China accuses US of suggesting trade war

Nov 15 | Updated: Nov 16 2005, 05:30am hrs
Chinese trade minister Bo Xilai said attempts by US lawmakers to impose tariffs on goods produced in Asias second-largest economy may spur a bilateral dispute and would violate global commerce accords.

A congressionally appointed panel on Nov. 9 called Chinas revaluation of its yuan currency an extremely limited step and said Congress should consider tariffs against Chinese imports. It urged lawmakers to file a complaint before the World Trade Organisation unless China revalues the yuan by at least a quarter.

This shows an attitude of wanting a trade war, which, if escalated, will not benefit either side, Bo said in an interview in Busan, South Korea. No one is forcing the US to buy Chinese goods. US lawmakers, manufacturers and unions have been pressing US President George W Bush to crack down on what they say are Chinas unfair trade practices, such as undervaluing its currency, providing cheap loans to companies and cutting taxes for domestic producers.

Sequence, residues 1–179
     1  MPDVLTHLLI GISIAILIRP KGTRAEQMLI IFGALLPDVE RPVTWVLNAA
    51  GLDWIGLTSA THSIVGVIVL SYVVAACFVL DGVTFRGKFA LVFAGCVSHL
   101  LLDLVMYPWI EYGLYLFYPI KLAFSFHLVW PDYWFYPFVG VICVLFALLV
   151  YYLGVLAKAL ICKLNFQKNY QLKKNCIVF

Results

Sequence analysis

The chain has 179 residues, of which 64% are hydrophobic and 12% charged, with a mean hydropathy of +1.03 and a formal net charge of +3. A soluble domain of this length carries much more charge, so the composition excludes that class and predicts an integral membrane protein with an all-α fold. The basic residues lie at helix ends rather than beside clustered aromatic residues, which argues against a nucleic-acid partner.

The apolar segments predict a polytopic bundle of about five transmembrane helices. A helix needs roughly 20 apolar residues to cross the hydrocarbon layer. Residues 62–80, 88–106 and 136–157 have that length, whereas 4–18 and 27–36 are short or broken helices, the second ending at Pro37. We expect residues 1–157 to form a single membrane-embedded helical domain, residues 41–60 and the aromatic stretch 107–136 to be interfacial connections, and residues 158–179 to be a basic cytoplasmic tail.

Chinas trade surplus swelled to a record $12 billion in October from $7.56 in September, the Beijing-based customs bureau said in a Nov. 10 statement. Exports rose 29.7% from a year earlier, outpacing a 23.4% gain in imports.

Attempts by US to impose tariffs would violate global commerce accords
US attitude would invite trade war, which, if escalated, will not benefit either side
Bush plans to meet Chinese President Hu Jintao in Beijing on Nov. 19 as part of trip for the Asia-Pacific Economic Cooperation summit in Busan. China on July 21 reset the yuans value at 8.11 to the dollar, a 2.1% appreciation from the pegged level where it had been held since 1995, and started managing its value against a basket of currencies including the euro and yen. It has gained 0.33% since the revaluation.